Originally my article "Visual SourceSafe: Microsoft's Source Destruction System" included a list of a few source control systems I thought were noteworthy. Since then, various people have asked me to include other systems. Since I really had experience with so few systems, I erred on the side of including them. On the down side, this was making the original article a bit unweildy. So, here's a list of source control systems I'm familiar with, along with a few comments.
Multiplatform. Proprietary. Prices range from free (for open source software) and up.
Linus Torvalds chose BitKeeper to manage Linux, one of the
world's most widely distributed development efforts. However,
BitMover has proven unusually aggresive and withdrew their
support for Linux because a Linux developer also worked on a
competing product. In my mind this sort of behavior makes them
deeply untrustworthy, and I would avoid this system.
Reliable Software's Code Co-Op
Windows only? Proprietary. $150-$200 per seat.
Was suggested to
me by someone at the development company. The web site suggests that a key
focus appears to be distributed work; individual nodes are large
self-sufficient. Occasional synchronization can be done over a network or
email. It appears to share many of the goals of BitKeeper.
Multi-platform. Open Source. Free.
CVS has its problems, but it's powerful, stable, reliable, transparent, and free (both in price and freedom). How to work around CVS's weaknesses are well documented. If you're using CVS under Windows definitely check out the excellent (if complex) front end WinCVS. For something a bit less complicated you might want to see TortoiseCVS; it exposes CVS as a Windows Explorer extension. If you're experimenting with CVS for the first time you'll find the book Open Source Development with CVS useful. Despite the name the book is useful to anyone using CVS. Even better, the key chapters on usage are available free online. Until recently this was my suggestion. I now recommend Subversion. GNU arch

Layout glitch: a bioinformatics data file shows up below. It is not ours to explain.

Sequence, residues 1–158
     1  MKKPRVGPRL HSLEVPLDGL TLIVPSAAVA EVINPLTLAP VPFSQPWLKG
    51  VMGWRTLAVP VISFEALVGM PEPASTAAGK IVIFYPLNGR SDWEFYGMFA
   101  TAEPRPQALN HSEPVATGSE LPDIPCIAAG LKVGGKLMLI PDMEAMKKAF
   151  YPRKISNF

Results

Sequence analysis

Multi-platform? Open source. Free.
One of the newcomers to be Free Software options.
Multi-platform. Proprietary. $800 per seat per year.
not very familiar with Perforce, but someone from Perforce very politely inquired about being added. High
speed appears to be a key design element. Looking over their promotional
material, I get the distinct sense that they're targetting ClearCase users
unhappy with the speed.
Multi-platform. Proprietary. $200 per seat per year.
A relatively new system that
appears to tightly integrate a bug/issue/change tracker. It also appears to
support distributed changes (being able to check things in without access to a
cenrtal server). On of their developers kindly asked to be included, so here it is.
Multi-platform. Proprietary. $4,250.
I've heard it's big, slow, complex, requires a custom file system, and
really demands a dedicated administrator. But I know developers who swear by
it's power. I gather that it's truly industrial strength source control.
Windows with limited Linux support. Proprietary. $289 per seat per year.
know a lot about SourceGear Vault, but they were nice enough to ask about
inclusion in the list, so here you go. SourceGear developed the SourceSafe
extension SourceOffSite, so
they're clearly familiar with the problems in SourceSafe. They set out to
develop a superior replacement. They promise the ability to import your
SourceSafe repository with all historical information, useful if you're
migrating away from SourceSafe.
Multi-platform. Proprietary. Unknown price.
Another product I'm not too familiar with, but they nicely asked about being
included. It looks like they're trying to integrate with lots of other
commonly used tools like Microsoft Project. They provide a free
evaluation download, the bad news is that they want lots of information, the good news
is that you get to download it immediately instead of waiting for a salesman
Multi-platform. Open source. Free.
Subversion as explicitly
designed to replace CVS as the open source source control system.
It's what the open source world has largely switched to. It's
not perfect, but it's better than CVS, having fixed most of CVS's
glaring weaknesses. This is my recommendation.
Version Control with Subversion is a good introduction to Subversion. For those people on Windows, you might be interested in TortoiseSVN which provides Windows Explorer integration with Subversion.
TLIB Version Control
Windows. Proprietary. $225 per seat.
Another addition at the polite request of the publisher.
: Software : Configuration Management : Tools
This DMOZ Open Directory Project category collects information on many source control systems. If you're considering a source control system it's definitely a good place to start.